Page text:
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Institute for Commercialization

Turbocharger Booster System (TuBS)

Reference Number: K 08-05

Inventors: Chapman, Kirby; Wolfram, Kyle; Figge, Eric

Owner: Kansas State University Research Foundation

USPTO Link:

Invention Summary

Standard turbocharged engine systems are being refined to increase air flow into the system with the goal of meeting PRCI 2010 emission reduction expectations. Current turbochargers extract energy from exhaust gases to power an air compressor, which compresses air into the air manifold at pressure ratios ranging from 1.25 to approximately 3.0; however, it is believed that the 2010 engine will require a pressure ratio of approximately 2.4 to 3.0 in order to achieve the target NOx level of 0.5 g/bhp-hr.

While turbochargers solve many lean burn engine problems, they too have draw backs. Changing ambient temperatures affect the performance of the entire system by changing the air mass flow rate delivered from the turbocharger compressor to the engine. Also, as the trapped equivalence ratio is decreased to achieve successively lower NOx emissions, the reduction in exhaust temperature lowers the available thermal energy to drive the turbocharger turbine.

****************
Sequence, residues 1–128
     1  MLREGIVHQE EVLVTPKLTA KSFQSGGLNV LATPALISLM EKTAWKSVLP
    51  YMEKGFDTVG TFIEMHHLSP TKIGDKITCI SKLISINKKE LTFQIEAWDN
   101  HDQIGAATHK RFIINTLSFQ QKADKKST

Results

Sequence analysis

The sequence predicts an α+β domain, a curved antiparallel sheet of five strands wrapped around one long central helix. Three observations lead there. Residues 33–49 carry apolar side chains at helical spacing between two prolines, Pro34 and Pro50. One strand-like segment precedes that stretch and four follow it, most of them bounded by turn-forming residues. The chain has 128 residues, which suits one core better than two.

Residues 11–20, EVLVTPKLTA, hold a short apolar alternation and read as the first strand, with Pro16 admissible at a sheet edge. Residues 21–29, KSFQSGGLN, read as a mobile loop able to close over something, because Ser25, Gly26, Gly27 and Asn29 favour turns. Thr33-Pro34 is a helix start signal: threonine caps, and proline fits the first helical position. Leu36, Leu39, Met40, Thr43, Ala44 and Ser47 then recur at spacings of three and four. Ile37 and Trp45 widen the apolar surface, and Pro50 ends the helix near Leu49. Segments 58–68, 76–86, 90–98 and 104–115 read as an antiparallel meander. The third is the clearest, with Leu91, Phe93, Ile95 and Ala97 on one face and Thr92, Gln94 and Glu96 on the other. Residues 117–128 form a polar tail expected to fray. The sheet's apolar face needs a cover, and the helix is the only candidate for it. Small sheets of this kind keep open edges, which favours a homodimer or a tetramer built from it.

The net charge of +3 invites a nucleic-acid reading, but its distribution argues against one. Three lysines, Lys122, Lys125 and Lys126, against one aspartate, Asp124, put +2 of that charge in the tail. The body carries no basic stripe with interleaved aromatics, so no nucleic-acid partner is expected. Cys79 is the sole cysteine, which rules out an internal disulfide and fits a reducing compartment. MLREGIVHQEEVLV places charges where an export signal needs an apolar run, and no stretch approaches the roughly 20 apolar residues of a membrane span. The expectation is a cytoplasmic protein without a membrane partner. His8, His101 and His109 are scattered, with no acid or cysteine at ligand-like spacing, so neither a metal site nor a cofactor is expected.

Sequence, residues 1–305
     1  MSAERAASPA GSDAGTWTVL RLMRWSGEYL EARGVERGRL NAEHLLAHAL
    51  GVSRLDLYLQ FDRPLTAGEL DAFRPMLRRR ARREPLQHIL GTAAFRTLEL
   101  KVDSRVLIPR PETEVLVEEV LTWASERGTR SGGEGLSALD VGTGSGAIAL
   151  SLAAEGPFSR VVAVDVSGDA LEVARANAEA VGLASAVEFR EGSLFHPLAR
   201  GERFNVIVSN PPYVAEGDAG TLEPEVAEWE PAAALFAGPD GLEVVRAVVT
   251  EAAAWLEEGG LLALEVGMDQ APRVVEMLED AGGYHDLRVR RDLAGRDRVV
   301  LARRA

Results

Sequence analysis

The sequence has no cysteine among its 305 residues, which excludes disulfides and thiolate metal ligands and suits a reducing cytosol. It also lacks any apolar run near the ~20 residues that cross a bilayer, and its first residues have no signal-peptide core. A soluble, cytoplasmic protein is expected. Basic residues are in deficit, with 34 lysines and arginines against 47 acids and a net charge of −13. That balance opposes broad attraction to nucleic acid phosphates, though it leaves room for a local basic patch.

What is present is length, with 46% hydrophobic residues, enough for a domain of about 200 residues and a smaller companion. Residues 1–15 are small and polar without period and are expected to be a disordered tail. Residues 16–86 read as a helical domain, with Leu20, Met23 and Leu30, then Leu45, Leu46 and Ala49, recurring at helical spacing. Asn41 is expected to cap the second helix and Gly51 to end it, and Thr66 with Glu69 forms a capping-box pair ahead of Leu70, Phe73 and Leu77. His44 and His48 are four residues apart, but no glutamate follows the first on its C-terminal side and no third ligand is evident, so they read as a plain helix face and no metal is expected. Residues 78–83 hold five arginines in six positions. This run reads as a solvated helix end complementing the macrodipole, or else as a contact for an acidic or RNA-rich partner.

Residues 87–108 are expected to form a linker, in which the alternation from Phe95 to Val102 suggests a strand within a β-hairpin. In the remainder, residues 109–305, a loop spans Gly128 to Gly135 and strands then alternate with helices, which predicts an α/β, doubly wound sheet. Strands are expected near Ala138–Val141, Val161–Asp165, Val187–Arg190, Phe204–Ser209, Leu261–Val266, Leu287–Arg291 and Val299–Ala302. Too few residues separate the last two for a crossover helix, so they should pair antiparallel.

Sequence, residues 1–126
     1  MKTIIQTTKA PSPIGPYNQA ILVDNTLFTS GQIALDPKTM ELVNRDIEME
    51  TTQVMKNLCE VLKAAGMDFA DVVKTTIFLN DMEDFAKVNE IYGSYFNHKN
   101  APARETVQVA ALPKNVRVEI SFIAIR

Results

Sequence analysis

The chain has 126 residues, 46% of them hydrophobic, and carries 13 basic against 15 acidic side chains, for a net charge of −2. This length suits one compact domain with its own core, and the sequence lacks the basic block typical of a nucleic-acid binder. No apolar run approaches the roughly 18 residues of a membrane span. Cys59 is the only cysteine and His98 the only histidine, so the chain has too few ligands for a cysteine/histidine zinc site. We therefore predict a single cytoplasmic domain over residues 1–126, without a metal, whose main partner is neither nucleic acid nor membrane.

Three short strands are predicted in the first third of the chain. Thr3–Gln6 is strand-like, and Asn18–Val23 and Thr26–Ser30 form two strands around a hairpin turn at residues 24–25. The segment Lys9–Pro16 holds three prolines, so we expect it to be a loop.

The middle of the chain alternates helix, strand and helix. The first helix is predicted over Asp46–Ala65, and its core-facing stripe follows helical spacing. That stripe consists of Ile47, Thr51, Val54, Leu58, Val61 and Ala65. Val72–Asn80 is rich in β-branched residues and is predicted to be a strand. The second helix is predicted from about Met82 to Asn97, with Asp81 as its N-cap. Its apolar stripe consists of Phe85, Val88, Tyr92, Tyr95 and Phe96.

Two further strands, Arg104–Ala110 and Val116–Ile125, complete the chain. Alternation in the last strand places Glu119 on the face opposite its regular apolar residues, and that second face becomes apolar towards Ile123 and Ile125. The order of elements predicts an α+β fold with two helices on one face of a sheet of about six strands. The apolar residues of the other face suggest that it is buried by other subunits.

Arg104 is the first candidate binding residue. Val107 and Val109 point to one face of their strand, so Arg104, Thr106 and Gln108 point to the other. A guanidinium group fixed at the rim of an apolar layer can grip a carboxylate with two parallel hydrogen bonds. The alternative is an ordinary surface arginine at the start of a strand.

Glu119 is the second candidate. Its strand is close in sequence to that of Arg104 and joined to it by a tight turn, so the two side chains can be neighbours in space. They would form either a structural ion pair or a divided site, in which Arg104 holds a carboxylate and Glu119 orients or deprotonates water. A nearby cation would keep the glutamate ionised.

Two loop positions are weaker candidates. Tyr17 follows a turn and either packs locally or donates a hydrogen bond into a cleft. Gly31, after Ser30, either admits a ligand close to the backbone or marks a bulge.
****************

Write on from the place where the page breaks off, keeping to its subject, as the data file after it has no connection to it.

Research conducted at K-State has found that by installing a relatively small dry low emission (DLE) burner between the exhaust manifold and the turbocharger turbine nozzle ring, we are able to increase the turbine inlet temperature and consequently, the turbocharger rotating speed. This allows for precise adjustment of the air mass flow rate and turbocharger rotating speed independent of the engine operation.

Advantages

  • Increases net airflow to the engine, offsetting the negative effects of high ambient temperatures

  • Enhanced degree of control frees the turbocharger to operate independent of engine operating point and ambient conditions

  • Proven reduction in CO emissions without adversely affecting NOx emissions

  • Potentially reduces the need for air assist, especially while engine is idling

  • Considerably lower capital and operating costs than other available options

Applications

Large bore, multi-cylinder legacy engines in the following fields

  • Pipeline

  • Rail

  • Marine

  • Back-up Generation